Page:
Trisha Todd

Out of isolation: teaching the arts

As Portland Public Schools continue to teach long-distance during the pandemic, the district's arts teachers discover creative ways to adapt

One by one, students pop into the classroom, each in a respective Zoom window. Trisha Todd, a drama teacher at Portland’s Grant High School, waits a few minutes until everyone in her Beginning Theatre class has arrived. Todd is teaching from her office at Grant, which is full of theater tchotchkes: a turquoise folding screen, a poster for Sarah Ruhl’s play Orlando, and what looks like poor Yorick’s skull. Todd’s students, however, are scattered around the city. There is no bell to sound the start of things.

So class begins, inconspicuously, with a warmup. First some stretching. Then Todd asks the students to go around and share the musical artists they’ve been listening to recently. More than one student mentions Billie Eilish; another says he’s been blasting a lot of classic rock.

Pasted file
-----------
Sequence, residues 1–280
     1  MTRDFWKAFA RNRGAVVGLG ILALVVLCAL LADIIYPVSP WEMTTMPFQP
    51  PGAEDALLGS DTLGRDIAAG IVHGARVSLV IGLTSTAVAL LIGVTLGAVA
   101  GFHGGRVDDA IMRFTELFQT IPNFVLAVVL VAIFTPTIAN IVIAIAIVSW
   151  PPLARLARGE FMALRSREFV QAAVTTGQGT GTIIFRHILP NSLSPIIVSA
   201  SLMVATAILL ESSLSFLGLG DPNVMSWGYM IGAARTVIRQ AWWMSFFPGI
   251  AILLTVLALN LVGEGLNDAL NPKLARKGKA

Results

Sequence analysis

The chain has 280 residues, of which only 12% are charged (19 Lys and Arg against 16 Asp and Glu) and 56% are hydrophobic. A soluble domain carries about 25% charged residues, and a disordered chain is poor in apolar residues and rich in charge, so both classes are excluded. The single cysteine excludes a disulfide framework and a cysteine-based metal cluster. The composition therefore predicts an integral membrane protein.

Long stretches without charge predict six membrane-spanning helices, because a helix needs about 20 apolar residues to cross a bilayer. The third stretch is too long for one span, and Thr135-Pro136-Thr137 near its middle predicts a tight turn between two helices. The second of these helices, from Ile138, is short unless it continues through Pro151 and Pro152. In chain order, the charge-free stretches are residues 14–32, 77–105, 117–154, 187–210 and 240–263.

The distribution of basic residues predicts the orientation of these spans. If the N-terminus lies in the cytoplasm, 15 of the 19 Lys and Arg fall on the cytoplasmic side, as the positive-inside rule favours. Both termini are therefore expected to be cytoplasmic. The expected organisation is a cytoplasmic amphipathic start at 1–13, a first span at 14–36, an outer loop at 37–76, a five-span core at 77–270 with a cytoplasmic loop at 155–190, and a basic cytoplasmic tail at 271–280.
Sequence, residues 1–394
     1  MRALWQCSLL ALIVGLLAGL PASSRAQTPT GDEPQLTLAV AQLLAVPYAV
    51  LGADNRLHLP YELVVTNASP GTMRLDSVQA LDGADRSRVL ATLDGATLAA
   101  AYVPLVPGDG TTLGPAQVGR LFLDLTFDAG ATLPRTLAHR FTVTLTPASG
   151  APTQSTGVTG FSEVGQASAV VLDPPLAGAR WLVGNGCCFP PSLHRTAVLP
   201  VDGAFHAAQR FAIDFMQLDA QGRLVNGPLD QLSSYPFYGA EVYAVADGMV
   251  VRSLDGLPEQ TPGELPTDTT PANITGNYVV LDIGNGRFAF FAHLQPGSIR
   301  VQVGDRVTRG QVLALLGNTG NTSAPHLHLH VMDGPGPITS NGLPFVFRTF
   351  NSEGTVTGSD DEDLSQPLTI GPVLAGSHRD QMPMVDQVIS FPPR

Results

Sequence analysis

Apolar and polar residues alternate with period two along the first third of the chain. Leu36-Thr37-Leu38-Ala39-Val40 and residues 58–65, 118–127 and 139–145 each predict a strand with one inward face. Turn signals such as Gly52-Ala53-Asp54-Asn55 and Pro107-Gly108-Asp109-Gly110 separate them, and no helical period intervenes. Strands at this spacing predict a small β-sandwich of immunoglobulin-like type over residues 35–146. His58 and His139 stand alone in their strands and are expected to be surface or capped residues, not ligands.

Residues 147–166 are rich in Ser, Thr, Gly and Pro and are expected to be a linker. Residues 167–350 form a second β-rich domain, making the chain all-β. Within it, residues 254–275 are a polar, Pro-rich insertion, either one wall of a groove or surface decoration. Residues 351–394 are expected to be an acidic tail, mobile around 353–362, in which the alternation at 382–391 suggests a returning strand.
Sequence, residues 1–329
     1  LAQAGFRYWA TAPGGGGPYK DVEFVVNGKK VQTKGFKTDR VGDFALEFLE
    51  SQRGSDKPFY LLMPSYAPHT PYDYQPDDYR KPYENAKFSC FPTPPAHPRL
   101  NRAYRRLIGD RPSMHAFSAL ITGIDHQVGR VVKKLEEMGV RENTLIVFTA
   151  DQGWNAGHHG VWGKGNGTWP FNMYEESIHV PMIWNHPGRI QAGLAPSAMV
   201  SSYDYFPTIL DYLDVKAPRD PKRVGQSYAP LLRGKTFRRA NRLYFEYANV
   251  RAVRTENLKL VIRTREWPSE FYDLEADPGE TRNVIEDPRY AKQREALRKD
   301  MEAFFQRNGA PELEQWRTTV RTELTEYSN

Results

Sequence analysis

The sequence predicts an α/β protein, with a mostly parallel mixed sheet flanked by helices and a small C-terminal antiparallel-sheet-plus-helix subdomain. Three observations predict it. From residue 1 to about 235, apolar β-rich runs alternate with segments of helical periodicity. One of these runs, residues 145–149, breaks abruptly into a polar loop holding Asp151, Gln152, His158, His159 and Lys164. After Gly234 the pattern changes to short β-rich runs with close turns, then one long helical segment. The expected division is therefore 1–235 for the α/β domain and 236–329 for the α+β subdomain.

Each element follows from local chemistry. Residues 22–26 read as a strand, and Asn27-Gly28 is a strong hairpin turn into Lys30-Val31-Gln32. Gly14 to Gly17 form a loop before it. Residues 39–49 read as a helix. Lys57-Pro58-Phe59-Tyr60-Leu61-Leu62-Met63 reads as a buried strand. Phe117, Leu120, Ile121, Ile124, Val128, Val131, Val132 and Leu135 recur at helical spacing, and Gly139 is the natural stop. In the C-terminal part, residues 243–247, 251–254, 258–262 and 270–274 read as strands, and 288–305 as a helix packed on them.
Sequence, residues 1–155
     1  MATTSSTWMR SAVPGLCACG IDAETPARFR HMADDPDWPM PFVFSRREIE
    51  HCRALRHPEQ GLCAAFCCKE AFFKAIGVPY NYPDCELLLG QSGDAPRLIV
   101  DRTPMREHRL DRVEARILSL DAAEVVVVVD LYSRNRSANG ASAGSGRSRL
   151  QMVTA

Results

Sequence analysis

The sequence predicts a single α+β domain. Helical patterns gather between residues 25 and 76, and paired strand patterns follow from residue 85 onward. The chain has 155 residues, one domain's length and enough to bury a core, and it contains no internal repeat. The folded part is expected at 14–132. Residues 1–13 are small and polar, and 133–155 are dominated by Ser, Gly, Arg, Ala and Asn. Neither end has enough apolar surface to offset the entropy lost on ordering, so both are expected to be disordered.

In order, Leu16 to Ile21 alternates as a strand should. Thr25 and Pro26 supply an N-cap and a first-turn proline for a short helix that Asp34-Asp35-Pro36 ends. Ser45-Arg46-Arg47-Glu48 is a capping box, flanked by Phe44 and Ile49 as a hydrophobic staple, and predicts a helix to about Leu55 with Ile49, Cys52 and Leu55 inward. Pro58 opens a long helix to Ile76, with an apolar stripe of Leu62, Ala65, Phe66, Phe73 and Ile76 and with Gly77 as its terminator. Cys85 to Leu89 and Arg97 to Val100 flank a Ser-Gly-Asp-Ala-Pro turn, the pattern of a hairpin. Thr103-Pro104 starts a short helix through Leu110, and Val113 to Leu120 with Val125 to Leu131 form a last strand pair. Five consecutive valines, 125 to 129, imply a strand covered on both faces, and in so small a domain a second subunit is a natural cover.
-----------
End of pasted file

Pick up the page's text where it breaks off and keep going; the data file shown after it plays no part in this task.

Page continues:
“I’m doing whatever I can to keep them engaged,” Todd says. “We’re just hoping to keep them with us until they get back.”


THE ART OF LEARNING: An Occasional Series


Last March, schools faced an unprecedented challenge when classrooms were shuttered due to the coronavirus. Arts educators, especially those with subjects in the performing arts, were forced to grapple with ways to reach students from a distance.

“It was really hard,” says Lisa Adams, a music teacher at Duniway Elementary School. “I wasn’t able to meet with the students live. Participation was not required. There wasn’t a unified way that every school was handling it.”

Lisa Adams shows off some of her homemade musical instruments. As a way to overcome resource challenges, Adams has taught her students at Duniway Elementary School how to make their own instruments. Photo: Max Tapogna

Six months later, Portland Public Schools has worked to refine and innovate arts education in a style that is tailored to the moment. “Spring was very doomy gloomy,” says Laura Arthur, a music teacher on special assignment for the district. “I feel like the fall is the second, third stage of grief. We’ve reached acceptance and solutions.”

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